3. Leave the pieces pinned in place until they are completely dry.
4. Remove the pins, being careful not to stretch the knitting
This method works best when you want to make the biggest difference in appearance and behavior of your knitted fabric. It will work for all fiber types as long as you treat them gently.
1. Fill a sink or tub with lukewarm water. Add a small amount of wool wash if you’d like.
2. Place your knitted pieces into the water and let soak for 20 – 30 minutes. Do not agitate the water too much as we don’t want to accidentally cause the fabric to felt.
3. Drain the water out and squeeze as much water out of your knitting as possible by pressing it against the sides of the sink. Do not wring out your fabric.
4. Support your piece from below (to avoid stretching and place them on a dry, fluffy towel. Roll the towel up with the knitted pieces inside and step on the towel roll to get as much moisture out as possible.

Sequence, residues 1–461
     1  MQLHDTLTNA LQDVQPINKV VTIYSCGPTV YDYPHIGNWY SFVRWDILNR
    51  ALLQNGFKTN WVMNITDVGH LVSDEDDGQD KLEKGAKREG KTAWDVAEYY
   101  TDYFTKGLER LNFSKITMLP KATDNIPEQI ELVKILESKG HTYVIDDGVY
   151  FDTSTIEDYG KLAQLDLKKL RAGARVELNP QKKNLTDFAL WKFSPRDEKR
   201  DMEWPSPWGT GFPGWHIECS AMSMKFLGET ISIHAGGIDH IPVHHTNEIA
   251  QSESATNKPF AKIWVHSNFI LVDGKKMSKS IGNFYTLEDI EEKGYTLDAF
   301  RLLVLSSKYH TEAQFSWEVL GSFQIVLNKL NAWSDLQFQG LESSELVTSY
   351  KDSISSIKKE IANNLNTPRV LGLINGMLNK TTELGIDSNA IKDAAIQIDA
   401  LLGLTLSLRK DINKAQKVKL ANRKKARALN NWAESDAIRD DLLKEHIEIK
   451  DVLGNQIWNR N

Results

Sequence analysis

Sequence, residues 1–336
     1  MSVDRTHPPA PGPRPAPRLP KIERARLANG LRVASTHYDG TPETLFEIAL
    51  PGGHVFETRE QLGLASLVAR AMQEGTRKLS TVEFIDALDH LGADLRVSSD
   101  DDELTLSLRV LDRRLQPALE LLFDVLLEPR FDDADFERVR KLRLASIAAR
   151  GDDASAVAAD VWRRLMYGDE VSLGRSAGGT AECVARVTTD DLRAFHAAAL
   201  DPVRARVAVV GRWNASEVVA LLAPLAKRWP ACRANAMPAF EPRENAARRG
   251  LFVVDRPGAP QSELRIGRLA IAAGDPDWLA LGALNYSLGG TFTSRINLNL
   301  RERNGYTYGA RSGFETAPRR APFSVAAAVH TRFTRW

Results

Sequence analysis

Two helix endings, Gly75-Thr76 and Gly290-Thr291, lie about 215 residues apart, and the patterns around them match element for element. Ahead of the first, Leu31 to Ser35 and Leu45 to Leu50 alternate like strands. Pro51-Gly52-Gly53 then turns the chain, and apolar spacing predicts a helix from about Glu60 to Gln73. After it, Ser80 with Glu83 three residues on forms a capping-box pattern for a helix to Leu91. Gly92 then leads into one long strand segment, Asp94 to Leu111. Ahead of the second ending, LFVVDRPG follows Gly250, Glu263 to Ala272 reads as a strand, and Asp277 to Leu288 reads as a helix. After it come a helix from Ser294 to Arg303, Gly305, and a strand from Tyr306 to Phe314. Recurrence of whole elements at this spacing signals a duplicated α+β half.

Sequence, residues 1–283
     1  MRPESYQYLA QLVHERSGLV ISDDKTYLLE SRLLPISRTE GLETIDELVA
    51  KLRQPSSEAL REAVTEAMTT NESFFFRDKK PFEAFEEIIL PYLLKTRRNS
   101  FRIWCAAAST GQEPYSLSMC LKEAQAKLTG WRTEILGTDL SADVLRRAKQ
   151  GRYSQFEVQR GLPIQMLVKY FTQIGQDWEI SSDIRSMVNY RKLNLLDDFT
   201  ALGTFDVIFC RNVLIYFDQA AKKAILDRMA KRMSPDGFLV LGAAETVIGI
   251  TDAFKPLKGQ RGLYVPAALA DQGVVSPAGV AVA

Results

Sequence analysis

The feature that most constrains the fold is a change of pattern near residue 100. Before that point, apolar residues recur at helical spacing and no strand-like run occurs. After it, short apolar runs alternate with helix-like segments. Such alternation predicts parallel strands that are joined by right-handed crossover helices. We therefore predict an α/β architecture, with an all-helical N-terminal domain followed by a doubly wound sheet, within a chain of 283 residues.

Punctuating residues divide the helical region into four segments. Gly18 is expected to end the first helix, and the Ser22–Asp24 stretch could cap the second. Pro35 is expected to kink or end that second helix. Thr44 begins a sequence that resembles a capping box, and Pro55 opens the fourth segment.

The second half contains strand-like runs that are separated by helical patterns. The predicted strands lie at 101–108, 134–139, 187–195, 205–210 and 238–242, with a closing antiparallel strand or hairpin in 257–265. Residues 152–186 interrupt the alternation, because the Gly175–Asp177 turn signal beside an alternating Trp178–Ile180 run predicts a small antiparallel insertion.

5. Lay your pieces flat on your blocking surface and use your sweater measurement worksheet to pin each piece to the desired dimensions. I like to use stainless steel T-pins as they don’t rust.
6. Leave everything pinned until it is completely dry. You can speed up the dry time by turning on a fan nearby.
7. Remove the pins gently, being careful not to stretch the knitting.
Now that your pieces are beautifully blocked, it is time to sew everything together. Depending on the area of your sweater that you are seaming you will want to use different techniques.
Sew your seams with a darning needle in the following order: shoulder seams, set in the sleeve cap in the arm hole, side seams then the sleeve from underarm to wrist.
For this seam I like to use a technique called weaving. Weaving is a way of joining knitting where you sew what looks like a new row of stitches. It is similar to the Kitchener stitch but instead of weaving live stitches together we will be using the bound off stitches of the shoulders. This technique offers a very sturdy seam that will wear and hold its shape well. For a video of this technique click HERE.
1. Lay both pieces right side up and line up the edges to be seamed.
2. Find the place in the first row where a stitch comes together and forms a V pointing toward the edge of the fabric and insert your darning needle under those two strands.